From my grandfather’s garden I bring in another element of taste: nostalgia. I will forever associate the chlorophyll-filled smells of the fresh vegetables and fruits from his garden with a sense of well being. I remember getting on my knees to smell the tomatoes before I picked them, like an animal with my nose close to the vines. After we’d finished harvesting for the day, with sweat on our brows, I’d sit on his lap under the shade of trees and drink ice water, his blue eyes sparkling in the sun as he laughed. I’d often hear my horse neighing in the field next door, see the horse barn in the distance. The stifling heat of the Kentucky sun would from time to time be broken up by a breeze that came suddenly out of nowhere, lasting only a few seconds, just enough to help evaporate our perspiration and bring with it a waft of horse sweat. When we finally carried our harvest into the house, my grandmother would start preparing dinner, changing those fresh scents of chlorophyll into seasoned scents of the traditional Kentucky dishes she mastered. The ensemble — all the sensory input and all the partly subconscious thoughts and feelings from these days gone by — is my definition of a perfect time and place and world, as simple as that may seem. It was a full-sensory experience, existing now in the form of subconscious associations that are totally my own, associations that form my likes and dislikes.
When I walk through the farmers market, I use all my senses and some nostalgia too. First I look, filtering out what experience tells me is not fresh or of good quality. I “create” dishes in my mind, “using” the ingredients that seem freshest and imagining the flavor of those ingredients together. It is a full-sensory experience. I imagine the crunchiness, unctuousness, aroma, the acidity, saltiness, bitterness, sweetness, umami. Associations from the past often rush in without me being conscious of them. It’s like a sentence from Proust. In one very long sentence, Proust takes you through all the senses and sometimes back again, and time is suspended, letting them all blend together to make an astonishing whole that is forever your own. This passage, quoted often, is just one example:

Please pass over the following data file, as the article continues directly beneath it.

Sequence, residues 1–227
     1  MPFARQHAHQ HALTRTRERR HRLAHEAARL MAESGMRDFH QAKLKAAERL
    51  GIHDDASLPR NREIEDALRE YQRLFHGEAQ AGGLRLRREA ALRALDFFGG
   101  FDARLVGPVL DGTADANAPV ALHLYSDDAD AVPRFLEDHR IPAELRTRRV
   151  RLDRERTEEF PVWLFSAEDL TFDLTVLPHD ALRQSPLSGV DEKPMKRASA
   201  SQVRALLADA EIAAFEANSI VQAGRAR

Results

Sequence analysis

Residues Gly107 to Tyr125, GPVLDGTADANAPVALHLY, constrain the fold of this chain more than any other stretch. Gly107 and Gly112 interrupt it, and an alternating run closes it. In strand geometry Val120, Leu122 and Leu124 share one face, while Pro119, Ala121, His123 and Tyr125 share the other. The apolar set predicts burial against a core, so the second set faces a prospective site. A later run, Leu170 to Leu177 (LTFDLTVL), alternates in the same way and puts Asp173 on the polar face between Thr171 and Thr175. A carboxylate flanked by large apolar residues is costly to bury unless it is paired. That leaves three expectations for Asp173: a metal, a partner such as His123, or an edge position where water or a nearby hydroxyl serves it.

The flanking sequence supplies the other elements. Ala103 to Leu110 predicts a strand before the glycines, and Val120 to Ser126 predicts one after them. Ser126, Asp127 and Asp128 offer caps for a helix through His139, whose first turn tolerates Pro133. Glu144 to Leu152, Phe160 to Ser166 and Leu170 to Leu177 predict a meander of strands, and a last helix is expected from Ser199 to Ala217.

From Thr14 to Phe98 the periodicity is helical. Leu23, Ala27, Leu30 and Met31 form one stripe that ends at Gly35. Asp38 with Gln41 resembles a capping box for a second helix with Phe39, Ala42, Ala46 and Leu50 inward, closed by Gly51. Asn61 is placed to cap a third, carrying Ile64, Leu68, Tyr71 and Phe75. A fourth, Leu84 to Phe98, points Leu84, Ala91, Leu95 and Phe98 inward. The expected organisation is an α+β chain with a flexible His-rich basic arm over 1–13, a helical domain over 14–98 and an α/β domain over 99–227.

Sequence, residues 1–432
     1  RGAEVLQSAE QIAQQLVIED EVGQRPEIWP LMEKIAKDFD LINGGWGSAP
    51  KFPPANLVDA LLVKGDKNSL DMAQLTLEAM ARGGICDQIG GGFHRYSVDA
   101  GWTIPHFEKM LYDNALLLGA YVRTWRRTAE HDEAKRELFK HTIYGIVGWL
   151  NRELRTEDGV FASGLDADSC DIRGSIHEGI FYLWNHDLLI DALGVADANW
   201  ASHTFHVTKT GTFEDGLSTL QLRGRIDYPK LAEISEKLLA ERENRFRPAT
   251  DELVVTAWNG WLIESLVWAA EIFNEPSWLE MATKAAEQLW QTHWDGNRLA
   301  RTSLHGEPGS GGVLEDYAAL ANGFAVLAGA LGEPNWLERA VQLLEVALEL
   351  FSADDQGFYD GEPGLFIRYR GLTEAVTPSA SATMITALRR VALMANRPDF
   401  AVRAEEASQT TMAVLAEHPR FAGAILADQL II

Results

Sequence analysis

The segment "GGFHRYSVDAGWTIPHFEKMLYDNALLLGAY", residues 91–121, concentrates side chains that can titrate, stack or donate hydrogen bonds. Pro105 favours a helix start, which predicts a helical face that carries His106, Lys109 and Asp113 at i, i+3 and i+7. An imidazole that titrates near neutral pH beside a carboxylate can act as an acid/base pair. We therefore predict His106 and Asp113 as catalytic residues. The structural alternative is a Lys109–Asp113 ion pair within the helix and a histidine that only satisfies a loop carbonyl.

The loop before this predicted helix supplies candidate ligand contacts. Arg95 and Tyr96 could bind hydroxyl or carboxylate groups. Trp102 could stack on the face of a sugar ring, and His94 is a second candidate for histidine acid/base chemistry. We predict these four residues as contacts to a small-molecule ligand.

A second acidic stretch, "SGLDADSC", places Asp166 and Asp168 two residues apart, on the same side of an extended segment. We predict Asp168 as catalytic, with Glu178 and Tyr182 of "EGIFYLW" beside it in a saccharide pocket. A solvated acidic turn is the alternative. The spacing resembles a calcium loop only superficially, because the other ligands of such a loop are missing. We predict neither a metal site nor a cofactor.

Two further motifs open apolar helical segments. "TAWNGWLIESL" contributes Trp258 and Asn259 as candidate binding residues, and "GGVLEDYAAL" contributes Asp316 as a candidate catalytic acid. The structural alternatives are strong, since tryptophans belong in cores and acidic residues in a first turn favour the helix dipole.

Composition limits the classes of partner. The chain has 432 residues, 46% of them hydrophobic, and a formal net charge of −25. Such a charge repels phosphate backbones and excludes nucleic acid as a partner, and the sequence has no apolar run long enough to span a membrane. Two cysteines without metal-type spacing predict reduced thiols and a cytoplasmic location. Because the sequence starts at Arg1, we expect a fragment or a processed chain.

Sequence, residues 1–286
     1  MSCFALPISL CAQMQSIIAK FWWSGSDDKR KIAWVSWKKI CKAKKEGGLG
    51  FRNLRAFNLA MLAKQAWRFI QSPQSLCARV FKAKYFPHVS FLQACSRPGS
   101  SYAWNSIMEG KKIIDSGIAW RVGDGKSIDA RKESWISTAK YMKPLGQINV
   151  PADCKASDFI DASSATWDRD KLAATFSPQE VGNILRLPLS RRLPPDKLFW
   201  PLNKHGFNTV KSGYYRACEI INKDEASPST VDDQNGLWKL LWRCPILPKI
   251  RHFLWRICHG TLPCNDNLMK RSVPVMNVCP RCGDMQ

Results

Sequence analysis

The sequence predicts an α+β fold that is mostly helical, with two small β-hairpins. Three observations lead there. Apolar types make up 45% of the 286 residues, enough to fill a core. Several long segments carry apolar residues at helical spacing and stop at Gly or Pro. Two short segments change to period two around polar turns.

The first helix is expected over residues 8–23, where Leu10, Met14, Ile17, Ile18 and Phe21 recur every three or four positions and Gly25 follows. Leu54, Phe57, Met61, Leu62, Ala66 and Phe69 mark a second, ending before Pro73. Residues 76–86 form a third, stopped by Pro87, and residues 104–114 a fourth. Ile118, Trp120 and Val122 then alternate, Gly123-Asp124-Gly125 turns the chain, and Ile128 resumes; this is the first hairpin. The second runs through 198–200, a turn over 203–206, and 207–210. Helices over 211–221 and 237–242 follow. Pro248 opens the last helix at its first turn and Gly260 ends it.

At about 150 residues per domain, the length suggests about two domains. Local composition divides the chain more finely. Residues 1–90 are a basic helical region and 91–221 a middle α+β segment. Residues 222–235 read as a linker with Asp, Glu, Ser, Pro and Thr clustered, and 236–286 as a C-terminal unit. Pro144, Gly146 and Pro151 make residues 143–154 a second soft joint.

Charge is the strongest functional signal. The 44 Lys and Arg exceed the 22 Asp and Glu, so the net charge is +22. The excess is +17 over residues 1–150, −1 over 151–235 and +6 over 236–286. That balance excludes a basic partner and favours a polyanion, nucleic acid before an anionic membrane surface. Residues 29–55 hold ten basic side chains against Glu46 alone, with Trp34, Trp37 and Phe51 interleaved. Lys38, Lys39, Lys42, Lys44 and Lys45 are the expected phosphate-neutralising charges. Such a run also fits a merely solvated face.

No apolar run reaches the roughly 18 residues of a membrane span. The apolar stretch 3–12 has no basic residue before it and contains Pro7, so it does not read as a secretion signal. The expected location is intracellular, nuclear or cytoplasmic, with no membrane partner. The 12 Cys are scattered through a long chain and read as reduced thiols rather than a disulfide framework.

And soon, mechanically, weary after a dull day with the prospect of a depressing morrow, I raised to my lips a spoonful of the tea in which I had soaked a morsel of the cake. No sooner had the warm liquid, and the crumbs with it, touched my palate than a shudder ran through my whole body, and I stopped, intent upon the extraordinary changes that were taking place. . . . I was conscious that it was connected with the taste of tea and cake, but that it infinitely transcended those savors, could not, indeed, be of the same nature as theirs.
Proust is, of course, referring to the conscious pleasure that comes through the senses, to which is inevitably added subconscious associations.
To sum it up, when you bite into a potato chip, you start by looking at it to see if it looks appetizing. When you put it in your mouth, you feel the crunch with your teeth (touch) and you hear it. You taste the salt; you taste and smell the flavoring, and it may well have a retrosmell, a taste/smell that lingers in the back of your mouth, even after you’ve swallowed it. All this gives you an idea, often formed from the past, of what it should be like in your mouth. If that “historical” expectation is not met, you probably won’t like the chip.
From this perspective, flavor in the traditional sense of the word takes on a whole new complexity. The traditional elements of flavor are combined with signals and messages from the other senses and with nostalgia and other subconscious associations. Our likes and dislikes become, like Proust’s description, a rich, unique blend of all these elements. There are indeed objective elements, but these cannot stand alone in producing the astonishing whole that is your own, which no one in the world has perceived exactly in the same way. Tasting becomes a moment suspended in time, a moment that is yours and yours only.
In this series of articles, we will explore these elements of full-sensory taste.
Retrosmell, by Pamela Bond
Taste: Surprising Stories and Science about Why Food Tastes Good, by Barb Stuckey
The Science of Taste and Flavor, Library of Congress
Oxford Journal: Chemical Senses, “Odour-evoked Autobiographical Memories: Psychological Investigations of Proustian Phenomena,” by Simon Chu and John J. Downes
“Yummy Umami: The 6th Basic Taste?,” by Diana Zahuranec